FeetFit Kiosk

FeetFit is a point of purchase (POP) shoe kiosk that aims to accurately measure users’ feet and quickly deliver the right shoes.

Try it out!

Project Summary

Made for Prototyping studio at UCSD.

Online Research

The team first explored the problem space by finding common issues users complained about. They included:

User Interviews

We guerilla interviewed potential users and asked questions like the time they spent shoe shopping, why they bought them and where, how easy the experience was, and what it was like if they bought shoes for someone else.


We aggregated our findings from research and interviews into personas that reflected the users we each advocated for. My persona advocated for the elderly and the struggles they may face.

halmunni persona

Our target age was 16–30 for people who weren’t sure about their foot size (for reasons like differing foot sizes) and wanted to quickly find the right fit.


We made storyboards to empathize and understand how users may approach and use the kiosk in certain scenarios.

Mine followed an elderly user named Margaret, who has a foot condition and struggles to find the right shoes.


With a better grasp of how users would interact with the kiosk, we sketched out thumbnails of how it would look and where the functions would be.

We aimed for it to have a space for the shoe, a measurement method, a digital tablet interface for browsing, and a payment method.

Lo-Fi Wireframes

We first mapped out a flow for the digital screen by considering user needs (measuring and finding shoes, retrieval, payment, etc.) and then approximating layouts using thumbnails before moving onto more accurately-sized paper prototypes.

wireframe sketches paper wireframes

Paper Prototype Testing

Next we made a paper prototype using fleshed-out wireframes based on our thumbnails to test our current digital screen flow by guerilla testing with and eliciting feedback from previous interviewees.

Testing mainly showed issues with a lack of a back button, no signifier to place feet (due to it being paper and not with the full kiosk), unclear wait times, and a disconnect between user expectations and screen functions.

These problems were solved by adding a back button, including instructions on where to place feet, showing wait times on the tablet, and clearer instructions throughout the app.


I used Milonote and consulted the UI designer to make a quick moodboard for her to base a style guide on. The moodboard reflects the diverse age range and warm and friendly feeling our kiosk was supposed to portray.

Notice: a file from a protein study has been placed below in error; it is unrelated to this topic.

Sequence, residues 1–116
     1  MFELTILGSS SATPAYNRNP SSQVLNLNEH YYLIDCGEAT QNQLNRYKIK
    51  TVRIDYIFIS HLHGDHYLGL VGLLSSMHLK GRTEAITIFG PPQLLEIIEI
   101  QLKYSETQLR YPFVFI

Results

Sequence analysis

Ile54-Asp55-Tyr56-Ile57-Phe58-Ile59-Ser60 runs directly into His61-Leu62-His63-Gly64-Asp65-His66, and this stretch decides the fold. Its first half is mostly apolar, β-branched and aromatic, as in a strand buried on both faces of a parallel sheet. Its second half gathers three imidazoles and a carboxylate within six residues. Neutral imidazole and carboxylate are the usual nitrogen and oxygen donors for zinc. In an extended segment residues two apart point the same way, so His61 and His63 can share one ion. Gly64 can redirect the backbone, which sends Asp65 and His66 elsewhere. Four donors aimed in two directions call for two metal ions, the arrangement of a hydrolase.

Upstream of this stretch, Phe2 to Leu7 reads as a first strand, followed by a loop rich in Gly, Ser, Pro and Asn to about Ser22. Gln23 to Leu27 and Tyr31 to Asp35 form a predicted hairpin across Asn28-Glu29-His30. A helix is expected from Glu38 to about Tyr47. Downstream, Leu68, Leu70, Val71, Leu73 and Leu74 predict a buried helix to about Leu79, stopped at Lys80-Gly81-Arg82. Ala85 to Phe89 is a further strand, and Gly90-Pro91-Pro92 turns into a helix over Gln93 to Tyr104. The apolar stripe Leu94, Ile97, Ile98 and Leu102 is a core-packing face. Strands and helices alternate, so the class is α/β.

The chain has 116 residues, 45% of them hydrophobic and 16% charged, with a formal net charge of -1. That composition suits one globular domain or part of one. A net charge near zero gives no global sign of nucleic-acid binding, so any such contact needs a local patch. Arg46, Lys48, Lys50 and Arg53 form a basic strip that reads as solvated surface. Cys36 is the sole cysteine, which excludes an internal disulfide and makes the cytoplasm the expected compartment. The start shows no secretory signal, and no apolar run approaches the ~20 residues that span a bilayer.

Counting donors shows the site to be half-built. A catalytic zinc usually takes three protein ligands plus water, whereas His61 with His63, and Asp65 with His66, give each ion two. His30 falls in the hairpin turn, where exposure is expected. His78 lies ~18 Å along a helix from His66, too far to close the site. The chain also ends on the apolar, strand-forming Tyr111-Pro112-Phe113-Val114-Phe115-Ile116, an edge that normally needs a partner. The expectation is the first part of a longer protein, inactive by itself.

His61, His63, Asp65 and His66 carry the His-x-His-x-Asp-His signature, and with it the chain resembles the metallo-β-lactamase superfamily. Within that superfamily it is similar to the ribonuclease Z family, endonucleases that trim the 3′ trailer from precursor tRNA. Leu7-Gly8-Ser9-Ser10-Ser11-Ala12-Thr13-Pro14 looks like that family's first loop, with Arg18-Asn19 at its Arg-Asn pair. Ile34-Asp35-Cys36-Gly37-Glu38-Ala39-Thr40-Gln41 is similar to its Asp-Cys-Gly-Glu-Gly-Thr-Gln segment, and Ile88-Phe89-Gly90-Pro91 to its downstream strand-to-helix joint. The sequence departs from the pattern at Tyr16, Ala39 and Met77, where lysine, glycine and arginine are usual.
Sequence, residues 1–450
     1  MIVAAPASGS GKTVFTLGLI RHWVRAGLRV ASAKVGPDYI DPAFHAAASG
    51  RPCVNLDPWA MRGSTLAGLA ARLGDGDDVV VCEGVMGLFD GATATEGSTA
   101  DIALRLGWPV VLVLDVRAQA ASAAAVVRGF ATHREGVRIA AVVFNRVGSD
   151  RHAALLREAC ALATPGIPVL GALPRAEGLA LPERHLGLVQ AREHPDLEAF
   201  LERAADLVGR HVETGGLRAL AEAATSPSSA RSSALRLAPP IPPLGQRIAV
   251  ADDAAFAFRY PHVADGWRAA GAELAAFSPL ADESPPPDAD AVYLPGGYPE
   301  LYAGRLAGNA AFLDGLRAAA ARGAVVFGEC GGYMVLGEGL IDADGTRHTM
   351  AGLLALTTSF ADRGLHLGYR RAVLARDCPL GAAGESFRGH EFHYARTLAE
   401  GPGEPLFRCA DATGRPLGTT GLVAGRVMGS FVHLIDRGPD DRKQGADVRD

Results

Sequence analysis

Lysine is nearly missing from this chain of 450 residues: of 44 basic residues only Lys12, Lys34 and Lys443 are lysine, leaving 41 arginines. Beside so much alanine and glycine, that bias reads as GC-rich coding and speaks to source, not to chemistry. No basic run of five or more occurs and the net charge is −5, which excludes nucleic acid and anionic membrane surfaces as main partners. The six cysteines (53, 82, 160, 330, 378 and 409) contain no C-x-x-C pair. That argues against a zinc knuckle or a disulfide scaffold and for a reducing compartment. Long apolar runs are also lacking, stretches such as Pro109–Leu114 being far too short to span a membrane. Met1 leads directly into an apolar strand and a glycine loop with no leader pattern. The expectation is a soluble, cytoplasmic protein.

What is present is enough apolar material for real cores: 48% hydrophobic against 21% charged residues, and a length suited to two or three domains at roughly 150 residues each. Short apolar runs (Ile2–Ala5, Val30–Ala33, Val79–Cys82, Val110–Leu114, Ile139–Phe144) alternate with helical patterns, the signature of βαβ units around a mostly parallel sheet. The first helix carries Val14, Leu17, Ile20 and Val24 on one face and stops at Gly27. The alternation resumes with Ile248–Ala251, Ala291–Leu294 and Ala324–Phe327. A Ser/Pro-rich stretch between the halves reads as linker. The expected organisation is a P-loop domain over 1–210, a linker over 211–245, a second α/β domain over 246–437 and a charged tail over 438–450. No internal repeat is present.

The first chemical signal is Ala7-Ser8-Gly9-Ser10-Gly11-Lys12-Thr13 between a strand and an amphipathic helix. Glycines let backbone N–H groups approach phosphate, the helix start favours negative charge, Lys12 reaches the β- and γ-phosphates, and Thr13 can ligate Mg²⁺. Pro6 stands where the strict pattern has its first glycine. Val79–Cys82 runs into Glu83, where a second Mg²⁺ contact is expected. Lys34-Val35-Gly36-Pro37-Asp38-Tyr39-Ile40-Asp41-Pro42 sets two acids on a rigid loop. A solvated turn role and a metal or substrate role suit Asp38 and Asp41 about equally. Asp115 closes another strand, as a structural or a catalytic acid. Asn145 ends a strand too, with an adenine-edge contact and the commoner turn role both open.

The moodboard we made. Our key words in mind to tell users included: Fitting (Matching), Neutral, Middleman, All-ages, and Diverse.

Digital Prototype Testing

Our UI designer created a digital prototype and we tested again. This time the main issues involved a lack of cues for payment, limited functional shoe selections, need for UI clarity (such as making buttons more noticeable), and a lack of a thank-you screen after a purchase.

adobe xd screens

We addressed these issues in the next iteration by adding more steps to the payment process, implementing more selectable shoes, increasing color contrast, and adding a thank-you screen upon a successful purchase.

Cardboard Prototyping

While the UI designer was designing, the rest of us were constructing the cardboard prototype using box-cutters, rulers, tape, and a touch-screen laptop. After forming the basic structure, door, tablet-holder and measurement device, we spray painted the base (we couldn’t add on more colors due to time).

prototype in ben's apt

Poster Design

I made a poster for the final presentation using brand colors and high-quality stock-photos to illustrate the basic steps of the FeetFit kiosk.


Final Presentation

In the final presentation, we pitched the FeetFit kiosk by presenting our cardboard prototype, poster, and demonstration to receive feedback on our work.

final presentation pic

Ideal Next Steps

With more time, our number one priority would've been heavily refining the kiosk's physical appearance to match the brand colors and visual language. Afterwards, we would've also reinforced the kiosk interior better since it was barely holding up during the presentation.


FeetFit was a particularly challenging project due to the time constraints and disagreements we had as a team, but I am grateful for the opportunity to develop my prototyping, communication, and teamwork skills.

Final Deliverables